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The Railway Line Beside the Sea

Ireland’s first Railway (Dublin to Kingstown) was completed by the end of 1834 and on December 13 of that same year the first train “Hibernia” puffed her way out of Westland Row station, destination Kings­town. This ushered in a railway revolution that would see Ireland covered in 3,480 miles of track by 1920.

In 1844 Isambard Kingdom Brunel (Thames tunnel, Clifton Suspension Bridge, S.S. Great Eastern) told the Dublin and Kingstown Railway (D.&K.R.) that his company (the Great Western Railway) planned to build a line into South Wales and start a new sea route from Fishguard to what is now Rosslare. Also in 1849 a small private tramway was carrying over 400 tons of copper and lead ore from local mines to the port of Wicklow. Brunel’s line plus the ore made the idea of extending the D&KR line to Wicklow profitable. The railway to Wicklow opened in 1855 that was transformative to the town's importance as a port.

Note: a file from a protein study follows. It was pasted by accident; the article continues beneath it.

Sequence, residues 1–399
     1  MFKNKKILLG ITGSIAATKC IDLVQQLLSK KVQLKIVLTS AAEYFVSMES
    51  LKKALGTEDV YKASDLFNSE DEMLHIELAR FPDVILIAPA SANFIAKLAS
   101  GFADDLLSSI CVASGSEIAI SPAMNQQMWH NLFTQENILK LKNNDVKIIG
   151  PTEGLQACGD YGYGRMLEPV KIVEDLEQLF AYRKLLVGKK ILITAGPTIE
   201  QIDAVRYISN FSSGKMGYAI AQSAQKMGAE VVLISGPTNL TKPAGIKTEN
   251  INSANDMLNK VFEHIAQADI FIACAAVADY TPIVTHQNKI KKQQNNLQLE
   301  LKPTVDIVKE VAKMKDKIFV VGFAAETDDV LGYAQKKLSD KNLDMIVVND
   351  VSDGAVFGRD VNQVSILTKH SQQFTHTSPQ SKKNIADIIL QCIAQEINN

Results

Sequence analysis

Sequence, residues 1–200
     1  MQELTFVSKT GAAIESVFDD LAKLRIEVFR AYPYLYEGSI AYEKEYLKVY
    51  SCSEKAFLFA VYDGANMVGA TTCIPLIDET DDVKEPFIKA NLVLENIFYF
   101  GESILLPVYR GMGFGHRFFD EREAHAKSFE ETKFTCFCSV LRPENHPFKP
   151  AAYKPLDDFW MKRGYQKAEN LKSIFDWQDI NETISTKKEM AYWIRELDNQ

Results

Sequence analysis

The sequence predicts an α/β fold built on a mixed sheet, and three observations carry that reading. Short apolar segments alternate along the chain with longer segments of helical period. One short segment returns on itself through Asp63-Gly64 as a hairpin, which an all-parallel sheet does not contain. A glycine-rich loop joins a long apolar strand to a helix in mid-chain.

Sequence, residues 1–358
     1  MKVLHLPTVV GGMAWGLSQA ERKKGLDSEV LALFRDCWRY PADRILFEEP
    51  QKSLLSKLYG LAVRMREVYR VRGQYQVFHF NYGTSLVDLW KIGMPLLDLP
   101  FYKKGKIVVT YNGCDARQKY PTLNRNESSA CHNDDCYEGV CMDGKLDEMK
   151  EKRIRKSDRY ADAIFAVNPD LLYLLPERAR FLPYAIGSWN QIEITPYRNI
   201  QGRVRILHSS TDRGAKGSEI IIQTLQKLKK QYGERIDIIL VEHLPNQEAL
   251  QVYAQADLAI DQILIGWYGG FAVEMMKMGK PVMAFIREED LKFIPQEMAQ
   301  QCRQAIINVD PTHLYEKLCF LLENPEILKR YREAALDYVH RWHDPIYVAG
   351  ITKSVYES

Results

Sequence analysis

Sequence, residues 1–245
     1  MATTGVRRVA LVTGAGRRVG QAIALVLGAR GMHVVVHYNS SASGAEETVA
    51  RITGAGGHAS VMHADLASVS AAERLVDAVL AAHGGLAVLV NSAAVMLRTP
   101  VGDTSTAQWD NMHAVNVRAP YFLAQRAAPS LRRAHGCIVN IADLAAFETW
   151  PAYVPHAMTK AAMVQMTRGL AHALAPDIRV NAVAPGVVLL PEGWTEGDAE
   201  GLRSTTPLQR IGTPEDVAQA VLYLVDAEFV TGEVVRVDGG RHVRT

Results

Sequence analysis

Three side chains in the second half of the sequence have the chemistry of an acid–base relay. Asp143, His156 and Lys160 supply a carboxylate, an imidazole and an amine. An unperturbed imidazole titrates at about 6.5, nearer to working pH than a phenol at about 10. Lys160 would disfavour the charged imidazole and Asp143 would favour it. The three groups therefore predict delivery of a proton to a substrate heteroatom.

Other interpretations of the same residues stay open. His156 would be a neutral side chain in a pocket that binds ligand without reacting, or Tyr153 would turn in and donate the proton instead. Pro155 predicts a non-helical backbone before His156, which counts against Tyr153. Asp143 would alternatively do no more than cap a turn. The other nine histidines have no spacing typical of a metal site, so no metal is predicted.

The simplest and most obvious route inland would not prove as scenic as the coastal route, but to boost the appeal leisure travel the coastal route was chosen. This proved to be a disaster because this scenic line ran far too close to the sea and relied on far too many viaducts to be safe. Tragedy struck in 1867 when the Eniscorthy to Dublin left the tracks at Bray Head killing two and prompting the building of the Bray head tunnel.

Scene of the Bray Head disaster,1867

After Wicklow the track headed inland to incorporate the old mining train tracks.

Wicklow was also one of the several stations where a builder of a new residence within one mile of the station could obtain for him­self or a nominee a free season ticket for seven years between the station and Harcourt Street.

Organised excursions were features of special “Sea Breezes” to Wicklow (Mainline or Murrough). In August, 1932, 3,354 passengers travelled on five trains from Harcourt Street at a return fare of one shilling.

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